A Dutch euthanasia clinic operating in the Hague has announced that it had a dramatic rise in the number of euthanasia requests last year.
The clinic experienced a 22% jump in euthanasia requests in 2019, as compared with the previous year.
In the Netherlands, anyone over the age of 12 years is entitled to euthanasia, under allegedly ‘strict criteria’.
The clinic manager did not suggest a reason for the dramatic increase in 2019.
A closer look at the way the system operates in the Netherlands might provide a few clues as to why demand might be increasing.
Since the time that euthanasia has been permitted in the Netherlands, the categories of people eligible to request it has expanded considerably. First, only adults were allowed to access the regime. Then it was children aged 12-16 years, if their parents consented. Later, it was newborns and younger children. Now it’s people with psychiatric illness, and a public conversation is occurring about allowing people who are ‘tired of life’ to also access euthanasia. By this trajectory, it won’t be long before it is anyone at all who wishes to die.
What effect does this have on the way a society values human life? How does such a regime affect the medical profession? How does it affect government priorities when it comes to palliative care and health care in general for the sick and elderly?
Does it lead to the desensitisation of the public to legalised killing? Recent research from the Netherlands suggests this is indeed the case. The population of the Netherlands has, in the time from when it was legalised, moved from accepting euthanasia to end ‘unbearable suffering with no prospect of improvement” to allowing it for those suffering mental illness and even those who are physically healthy and just tired of life.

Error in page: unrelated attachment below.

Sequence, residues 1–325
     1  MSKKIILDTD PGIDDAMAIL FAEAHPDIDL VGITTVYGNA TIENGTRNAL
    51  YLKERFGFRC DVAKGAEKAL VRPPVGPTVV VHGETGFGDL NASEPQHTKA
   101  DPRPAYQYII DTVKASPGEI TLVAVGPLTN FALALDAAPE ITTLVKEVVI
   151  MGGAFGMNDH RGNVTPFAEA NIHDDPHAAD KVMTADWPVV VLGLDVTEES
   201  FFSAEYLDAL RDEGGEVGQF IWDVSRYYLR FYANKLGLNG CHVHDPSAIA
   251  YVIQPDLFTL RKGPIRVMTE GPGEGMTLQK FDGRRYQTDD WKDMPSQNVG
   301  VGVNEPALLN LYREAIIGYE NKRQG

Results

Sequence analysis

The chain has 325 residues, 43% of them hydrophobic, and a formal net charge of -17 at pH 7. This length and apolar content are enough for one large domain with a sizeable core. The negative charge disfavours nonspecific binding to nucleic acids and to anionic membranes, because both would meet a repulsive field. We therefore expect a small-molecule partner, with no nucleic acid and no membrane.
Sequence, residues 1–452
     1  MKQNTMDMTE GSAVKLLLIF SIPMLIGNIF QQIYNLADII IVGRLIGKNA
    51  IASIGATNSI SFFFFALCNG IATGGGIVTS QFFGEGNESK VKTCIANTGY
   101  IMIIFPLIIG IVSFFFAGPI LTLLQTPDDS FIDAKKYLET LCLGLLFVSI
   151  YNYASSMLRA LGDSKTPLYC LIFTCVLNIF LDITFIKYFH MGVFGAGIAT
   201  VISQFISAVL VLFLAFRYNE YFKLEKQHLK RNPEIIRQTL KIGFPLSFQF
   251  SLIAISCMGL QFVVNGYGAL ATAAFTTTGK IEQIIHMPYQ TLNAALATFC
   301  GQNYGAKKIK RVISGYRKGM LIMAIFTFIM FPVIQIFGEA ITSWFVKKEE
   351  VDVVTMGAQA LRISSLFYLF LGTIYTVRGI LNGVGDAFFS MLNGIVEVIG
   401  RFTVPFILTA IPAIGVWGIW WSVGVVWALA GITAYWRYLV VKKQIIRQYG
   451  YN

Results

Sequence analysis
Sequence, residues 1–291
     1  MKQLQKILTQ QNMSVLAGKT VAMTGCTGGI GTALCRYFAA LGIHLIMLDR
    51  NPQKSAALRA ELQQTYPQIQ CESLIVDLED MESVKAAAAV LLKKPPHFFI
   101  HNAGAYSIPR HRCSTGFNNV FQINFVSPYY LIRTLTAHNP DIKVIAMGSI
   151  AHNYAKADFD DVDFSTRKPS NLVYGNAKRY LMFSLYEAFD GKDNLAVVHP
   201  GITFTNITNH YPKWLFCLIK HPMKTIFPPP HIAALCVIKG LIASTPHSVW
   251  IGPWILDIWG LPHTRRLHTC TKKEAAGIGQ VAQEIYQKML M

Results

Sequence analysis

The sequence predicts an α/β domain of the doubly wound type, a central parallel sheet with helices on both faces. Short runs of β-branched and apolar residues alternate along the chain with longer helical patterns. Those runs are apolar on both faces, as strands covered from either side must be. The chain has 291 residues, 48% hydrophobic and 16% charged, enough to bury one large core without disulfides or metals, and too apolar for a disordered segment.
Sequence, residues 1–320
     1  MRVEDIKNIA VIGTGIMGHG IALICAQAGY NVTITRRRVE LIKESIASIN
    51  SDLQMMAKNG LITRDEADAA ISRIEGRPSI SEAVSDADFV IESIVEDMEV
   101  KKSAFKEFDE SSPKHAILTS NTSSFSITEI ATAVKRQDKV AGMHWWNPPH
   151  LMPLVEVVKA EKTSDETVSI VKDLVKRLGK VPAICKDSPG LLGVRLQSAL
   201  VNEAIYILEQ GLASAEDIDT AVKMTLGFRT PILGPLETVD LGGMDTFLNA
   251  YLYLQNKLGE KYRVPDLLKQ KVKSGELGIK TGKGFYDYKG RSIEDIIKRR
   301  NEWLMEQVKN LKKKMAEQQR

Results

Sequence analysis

What happens to the regime of care for the terminally ill in a society that provides easy access to euthanasia? In his research during the euthanasia debate in WA last year, the Hon Nick Goiran MLC, outlined the erosion of medical standards in relation to the care of the terminally ill:
“Government sanctioned studies suggest an erosion of medical standards in the care of terminally ill patients in the Netherlands, where 50 per cent of Dutch cases of assisted suicide and euthanasia are not reported, more than 50 per cent of Dutch physicians feel free to suggest euthanasia to their patients, and 25 per cent of these physicians admit to ending patients’ lives without their consent (more than 1000 people each year)”
What happens when you have ‘strict safeguards’ and ‘due process’ but you never punish anyone for transgressing these safeguards? As Goiran stated in his report, there has “been an increasing tolerance towards transgressions of the law, with almost all decisions by the Regional Euthanasia Review Committee (RTE) finding in favour of the medical practitioner that due care criteria have been met, even in the most grievous of cases. These cases reveal an increasing tolerance toward transgressions of the law and a change in societal values toward assisted suicide after legalisation.”
This has been seen clearly in the shocking acquittal of a Dutch doctor who euthanised a patient after dissolving a sedative in her coffee, then getting her family to hold her down because she was physically resisting the lethal injection.
When the law is not enforced and breaches go unpunished, euthanasia is provided with an environment to flourish and grow.
The perfect storm of ever-increasing categories of eligibility, combined with a desensitisation of the public to legalised killing by doctors, has led to a fundamental shift in the values and operation of society in the Netherlands. When euthanasia is normalised, the impetus to look for ways other than death to deal with life’s problems is arguably lessened. Is this the kind of society we aspire to become?